The annotated bibliography is based on one of the chapter topics, not all the chapters. The chapter topic I chose to do it on is Chapter 5 , “The Stages of Learning” and these chapters are based off of Motor Learning and Development . I will upload the chapter pages so you can get an idea of what is being talked about. This bibliography have to include 10 journal articles
Students will prepare an annotated bibliography specific to a chapter topic. Choice of topic must be communicated to the instructor by July 6. Students may use references from the chosen topic as well as those retrieve from a database to review 10 journal articles and composed annotations for each. The annotated bibliography should be formatted using American Psychological Association (APA) guidelines (6th ed.) and submitted as a word document (.doc) in Canvas. The video below provides a short guide to annotated bibliographies:
An annotated bibliography is a list of citations on a certain topic that provide a description of each of the various books, articles, and other sources on the list. The annotated bibliography looks like a References list but includes a summary and/or critical evaluation (i.e., annotation) after each source that is cited. It can be part of a larger research project, or can be a stand-alone report in itself. The focus should be on description (who wrote the document, what does the document discuss, when and where was the document written, why was the document produced…) and evaluation (i.e. critically assess the work for accuracy, relevance, and quality.)
Main steps in writing an annotated bibliography:
1. Cite the source using APA style.
2. Describe the main ideas, arguments, themes, theses, or methodology, and identify the intended audience.
3. Explain the author’s expertise, point of view, and any bias he/she may have (if available).
4. Compare to other sources on the same topic that you have also cited to show similarities and differences.
5. Explain why each source is useful for your research topic and how it relates to your topic.
6. Evaluate the strengths and weaknesses of each source.
7. Identify the observations or conclusions of the author.
Important note: Annotations are original descriptions that you create after reading the document. When researching, you may find journal articles that provide a short summary at the beginning of the text. This article abstract is similar to a summary annotation. You may consult the abstract when creating your evaluative annotation, but never simply copy it as that would be considered plagiarism.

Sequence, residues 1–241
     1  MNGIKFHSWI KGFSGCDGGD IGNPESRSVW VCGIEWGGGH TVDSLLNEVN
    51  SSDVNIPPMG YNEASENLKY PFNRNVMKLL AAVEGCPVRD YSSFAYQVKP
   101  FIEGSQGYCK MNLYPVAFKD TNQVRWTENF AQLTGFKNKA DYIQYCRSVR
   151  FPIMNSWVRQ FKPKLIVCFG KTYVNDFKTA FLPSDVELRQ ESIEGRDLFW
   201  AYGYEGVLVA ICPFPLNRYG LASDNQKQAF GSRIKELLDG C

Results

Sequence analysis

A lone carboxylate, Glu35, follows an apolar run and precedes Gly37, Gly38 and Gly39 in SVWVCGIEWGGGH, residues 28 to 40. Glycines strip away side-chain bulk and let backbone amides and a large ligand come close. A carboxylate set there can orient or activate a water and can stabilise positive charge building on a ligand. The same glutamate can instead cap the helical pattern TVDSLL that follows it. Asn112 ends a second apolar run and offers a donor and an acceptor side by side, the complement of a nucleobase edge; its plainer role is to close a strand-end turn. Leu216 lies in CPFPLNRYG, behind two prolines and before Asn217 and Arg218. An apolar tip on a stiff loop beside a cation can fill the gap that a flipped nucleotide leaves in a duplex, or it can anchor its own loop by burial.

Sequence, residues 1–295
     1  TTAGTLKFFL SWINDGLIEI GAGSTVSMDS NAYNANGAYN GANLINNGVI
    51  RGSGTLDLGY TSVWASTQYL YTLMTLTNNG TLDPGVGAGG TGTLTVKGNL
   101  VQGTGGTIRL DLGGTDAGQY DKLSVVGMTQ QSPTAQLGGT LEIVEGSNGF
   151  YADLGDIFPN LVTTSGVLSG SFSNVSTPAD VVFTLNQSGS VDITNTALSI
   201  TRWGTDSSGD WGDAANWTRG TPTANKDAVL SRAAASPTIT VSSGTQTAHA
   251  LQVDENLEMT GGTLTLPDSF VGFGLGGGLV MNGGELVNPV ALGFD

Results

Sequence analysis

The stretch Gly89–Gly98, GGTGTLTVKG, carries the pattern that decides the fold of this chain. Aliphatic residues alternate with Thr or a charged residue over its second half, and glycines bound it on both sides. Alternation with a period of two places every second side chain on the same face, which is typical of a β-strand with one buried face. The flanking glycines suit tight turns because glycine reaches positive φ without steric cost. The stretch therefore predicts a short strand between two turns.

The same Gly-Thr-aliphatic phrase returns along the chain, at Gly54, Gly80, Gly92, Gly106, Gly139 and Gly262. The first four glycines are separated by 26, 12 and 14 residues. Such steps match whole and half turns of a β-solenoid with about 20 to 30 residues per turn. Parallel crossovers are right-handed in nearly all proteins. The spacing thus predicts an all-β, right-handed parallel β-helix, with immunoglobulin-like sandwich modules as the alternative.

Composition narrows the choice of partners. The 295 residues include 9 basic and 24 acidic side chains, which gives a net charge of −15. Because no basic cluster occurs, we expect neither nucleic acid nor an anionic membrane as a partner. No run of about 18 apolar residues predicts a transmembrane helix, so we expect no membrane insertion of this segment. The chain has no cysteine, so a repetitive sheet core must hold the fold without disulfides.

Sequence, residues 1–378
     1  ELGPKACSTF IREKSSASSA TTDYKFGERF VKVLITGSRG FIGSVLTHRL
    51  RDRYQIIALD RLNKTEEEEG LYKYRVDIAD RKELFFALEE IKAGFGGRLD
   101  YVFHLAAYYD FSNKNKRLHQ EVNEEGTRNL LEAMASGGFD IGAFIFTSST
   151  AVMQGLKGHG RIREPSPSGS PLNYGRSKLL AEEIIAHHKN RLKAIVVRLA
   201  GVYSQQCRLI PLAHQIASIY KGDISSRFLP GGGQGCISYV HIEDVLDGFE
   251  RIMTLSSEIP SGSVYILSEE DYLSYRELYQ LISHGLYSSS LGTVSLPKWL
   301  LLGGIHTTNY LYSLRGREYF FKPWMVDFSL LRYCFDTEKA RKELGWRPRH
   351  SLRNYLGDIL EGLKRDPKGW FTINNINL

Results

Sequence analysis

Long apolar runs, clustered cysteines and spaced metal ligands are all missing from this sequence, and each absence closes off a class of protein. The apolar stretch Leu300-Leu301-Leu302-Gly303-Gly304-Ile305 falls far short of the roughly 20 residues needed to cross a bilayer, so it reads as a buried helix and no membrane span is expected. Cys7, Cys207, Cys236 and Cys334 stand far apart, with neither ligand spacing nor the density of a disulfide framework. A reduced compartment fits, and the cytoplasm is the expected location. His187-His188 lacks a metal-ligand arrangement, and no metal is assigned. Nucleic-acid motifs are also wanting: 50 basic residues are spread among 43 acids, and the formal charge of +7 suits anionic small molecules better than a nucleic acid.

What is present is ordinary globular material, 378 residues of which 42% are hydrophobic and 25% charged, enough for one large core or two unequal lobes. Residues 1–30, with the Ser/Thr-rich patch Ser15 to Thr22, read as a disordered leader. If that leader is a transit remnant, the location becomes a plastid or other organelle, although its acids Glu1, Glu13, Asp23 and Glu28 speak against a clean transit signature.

Reference APA style format
References should be formatted using APA guidelines (6th ed.). Example:
D’Elia, G., Jorgensen, C., Woelfel, J., & Rodger, E. J. (2002). The impact of the Internet on public library use: An analysis of the current consumer market for library and Internet services. Journal of the American Society for Information Science and Technology, 53(10), 808-820. doi:10.1002/asi.10102
Annotation style format
All lines should be double-spaced. Do not add an extra line between the citations. Hanging Indents are required for citations in the bibliography, as shown below. That is, the first line of the citation starts at the left margin, and subsequent lines of the citation are indented 4 spaces (0.4”). The annotation paragraph should be indented 7 spaces (0.7”). Example:
D’Elia, G., Jorgensen, C., Woelfel, J., & Rodger, E. J. (2002). The impact of the Internet on public library use: An analysis of the current consumer market for library and Internet
services. Journal of the American Society for Information Science and Technology, 53(10), 808-820. doi:10.1002/asi.10102
In this study, the researchers examined if the Internet had affected public library usage in the United States. This study is distinct because its researchers surveyed library nonusers as well as users. The major finding was that 75.2% of people who used the Internet also used the public library. However, the researchers surveyed only 3000 individuals in a population of millions; therefore, these results may not be statistically significant. However, this study is relevant because it provides future researchers with a methodology for determining the impact of the Internet on public library usage.